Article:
But it may simply bewilder the Black child who does not enjoy the commitment of any school. His school has not accepted him. He is compelled to line the hallways, and sit in his seat. Or leave. He is absolutely dispensable because no competition attaches to his entry or departure; you start at six and you can leave when you’re sixteen. That’s the game.
At City College, the ritual altered the self-centered norm of crisis. Among the five demands posited by the Black and Puerto Rican students there, the fourth reads as follows:
“The racial composition of the entering class to reflect the Black and Puerto Rican Population of the NY City Schools.”
Clearly, the fourth demand reached outside the University province and into high school habits of student tragedy. For instance, the fourth demand reaches hard into the middle of the strange mess at Benjamin Franklin H.S., the predominantly Black and Puerto Rican high school nearest City College, where the academic diploma rate steadies at 1.2%. If the majority of Black and Puerto Rican students never receive an academic diploma, (instead they are shunted into courses leading to a “General” diploma that means you don’t even learn how to type), and since these students are the majority of the students in the city schools, how can the College entering class reflect that majority? Either the high schools or the College would have to change almost beyond current planning possibilities. To satisfy the fourth demand, New York City could no longer afford to maintain a 65% drop out rate for students of color, or a 1.2% academic diploma rate at any high school.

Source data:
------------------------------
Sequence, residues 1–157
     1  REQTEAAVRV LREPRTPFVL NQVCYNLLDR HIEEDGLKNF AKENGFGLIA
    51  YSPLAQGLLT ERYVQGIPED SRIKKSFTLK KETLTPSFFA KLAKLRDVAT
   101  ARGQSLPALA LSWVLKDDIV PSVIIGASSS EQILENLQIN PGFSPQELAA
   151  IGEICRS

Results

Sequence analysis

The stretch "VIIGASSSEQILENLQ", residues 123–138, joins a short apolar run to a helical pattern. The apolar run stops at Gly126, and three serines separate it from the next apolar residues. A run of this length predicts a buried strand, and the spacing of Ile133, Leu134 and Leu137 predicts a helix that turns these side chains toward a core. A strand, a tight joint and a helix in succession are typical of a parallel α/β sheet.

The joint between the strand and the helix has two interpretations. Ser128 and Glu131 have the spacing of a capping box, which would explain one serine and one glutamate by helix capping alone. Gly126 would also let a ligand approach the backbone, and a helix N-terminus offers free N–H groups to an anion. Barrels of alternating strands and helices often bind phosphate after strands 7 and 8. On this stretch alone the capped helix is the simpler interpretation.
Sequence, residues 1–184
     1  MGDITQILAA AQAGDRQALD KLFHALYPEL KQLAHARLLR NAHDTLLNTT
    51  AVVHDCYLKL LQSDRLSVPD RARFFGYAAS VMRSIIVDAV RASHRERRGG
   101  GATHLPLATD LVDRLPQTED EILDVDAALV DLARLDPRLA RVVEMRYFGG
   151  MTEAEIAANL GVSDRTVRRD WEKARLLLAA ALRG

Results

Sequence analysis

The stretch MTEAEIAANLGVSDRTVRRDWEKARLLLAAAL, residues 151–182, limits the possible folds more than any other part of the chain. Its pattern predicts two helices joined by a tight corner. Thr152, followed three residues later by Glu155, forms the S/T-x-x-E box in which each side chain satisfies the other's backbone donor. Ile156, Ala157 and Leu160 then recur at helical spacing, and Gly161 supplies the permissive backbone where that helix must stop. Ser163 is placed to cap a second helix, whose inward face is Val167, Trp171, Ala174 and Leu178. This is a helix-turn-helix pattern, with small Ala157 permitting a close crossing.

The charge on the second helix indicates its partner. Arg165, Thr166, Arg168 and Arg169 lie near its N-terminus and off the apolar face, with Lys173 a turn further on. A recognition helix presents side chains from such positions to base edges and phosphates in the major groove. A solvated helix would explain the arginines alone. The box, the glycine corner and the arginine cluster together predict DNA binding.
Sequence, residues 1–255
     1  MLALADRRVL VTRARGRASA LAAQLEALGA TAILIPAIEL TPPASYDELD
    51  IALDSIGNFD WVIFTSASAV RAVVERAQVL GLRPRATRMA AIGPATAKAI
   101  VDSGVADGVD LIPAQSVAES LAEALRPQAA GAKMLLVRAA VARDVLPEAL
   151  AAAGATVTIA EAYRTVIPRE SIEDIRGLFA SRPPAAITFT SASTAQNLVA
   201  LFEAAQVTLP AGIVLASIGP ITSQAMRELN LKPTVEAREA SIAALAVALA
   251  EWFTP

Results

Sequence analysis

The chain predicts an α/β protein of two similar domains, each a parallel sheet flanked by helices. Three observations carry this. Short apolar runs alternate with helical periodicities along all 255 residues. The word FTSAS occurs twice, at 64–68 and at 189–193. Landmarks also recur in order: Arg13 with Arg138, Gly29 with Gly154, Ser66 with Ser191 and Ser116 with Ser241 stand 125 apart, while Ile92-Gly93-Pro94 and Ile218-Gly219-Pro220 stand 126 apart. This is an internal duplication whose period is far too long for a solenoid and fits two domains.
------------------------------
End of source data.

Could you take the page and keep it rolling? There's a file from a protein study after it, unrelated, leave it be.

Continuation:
Today there is nothing wrong with the schools. The schools, as systems of elimination, are working perfectly well, and serving a purpose people should begin to wonder about. The fourth demand would necessitate the schools serving the purpose of preparation. In order to secure student commitment, high school curriculum, and college, would have to appear useful. (Forty years ago, the white, white-haired Harvard scholar, A.N. Whitehead, wrote down some ideas concerning education. Mainly, the man said: If you can’t use it, throw the book away. Well, Whitehead lives in Blackface. Plus, Blackface making up its own mind about books. Whether by dropping out, or by occupying a building, Black students are saying, I can’t use it, give me something else.)